As I’ve said in previous blogs, these skills–or what I like to think of as “conflict competencies”–are so simple in theory, but so hard to put into practice. Doing so not only requires rewiring our brains and developing new tendencies and ways of being; it also demands that we buck social norms and expectations. And that is not only difficult; it can be downright scary!
I therefore believe that we need to develop an additional important, overarching skill or conflict competency in order to make conflict productive in our personal and professional lives: courage.
What is courage?
According to various dictionaries, courage means “the ability to do something that frightens one;” “strength in the face of pain or grief;” or “mental or moral strength to venture, persevere, and withstand danger, fear, or difficulty.”
As these definitions imply, courage isn’t about being fearless; to the contrary, it is about taking action and standing strong in the face of fear. Or as Brené Brown (who is known for her research on courage, vulnerability, shame, and empathy) puts it, there is no courage without vulnerability, which she defines as uncertainty, risk, and emotional exposure.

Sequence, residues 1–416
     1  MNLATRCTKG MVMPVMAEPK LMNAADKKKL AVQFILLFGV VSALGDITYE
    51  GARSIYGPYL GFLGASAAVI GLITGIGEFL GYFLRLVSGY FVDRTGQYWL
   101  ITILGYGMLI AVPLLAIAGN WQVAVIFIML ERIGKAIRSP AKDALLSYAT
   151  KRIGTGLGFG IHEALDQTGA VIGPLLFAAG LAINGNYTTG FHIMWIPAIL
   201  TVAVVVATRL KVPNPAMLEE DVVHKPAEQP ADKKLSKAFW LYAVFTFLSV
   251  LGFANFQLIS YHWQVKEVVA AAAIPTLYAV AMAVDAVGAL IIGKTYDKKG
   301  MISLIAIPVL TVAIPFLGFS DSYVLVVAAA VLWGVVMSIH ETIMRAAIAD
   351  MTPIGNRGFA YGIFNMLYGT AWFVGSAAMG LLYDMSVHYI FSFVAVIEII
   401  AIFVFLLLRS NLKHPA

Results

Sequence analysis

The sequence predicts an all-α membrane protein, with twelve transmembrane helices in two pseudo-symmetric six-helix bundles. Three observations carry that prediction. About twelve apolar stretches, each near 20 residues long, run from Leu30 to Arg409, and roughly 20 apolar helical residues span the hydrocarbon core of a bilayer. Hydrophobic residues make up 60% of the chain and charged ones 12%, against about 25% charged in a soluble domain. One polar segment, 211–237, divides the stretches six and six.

In other words:
Courage is not: being reckless or fearless.
Courage is: showing up, leaning in, and taking action when something feels scary, dangerous, risky, or potentially painful.
Why does courage matter when dealing with conflict?
To make conflict productive, we have to:
- Embrace the reality that conflict just is. A first step in making conflict productive is to accept the fact that conflict is a normal, healthy, and unavoidable part of life; it isn’t inherently a threat; and it can be an opportunity if skillfully handled. To do this, we have to shift out of a win-lose, scarcity mindset to instead focus on the ways we can create value through working through conflict productively. To make this shift, we have to be vulnerable to acknowledge that we likely have not been dealing with conflict productively in many aspects of our life, and we have to have the courage to do things differently going forward.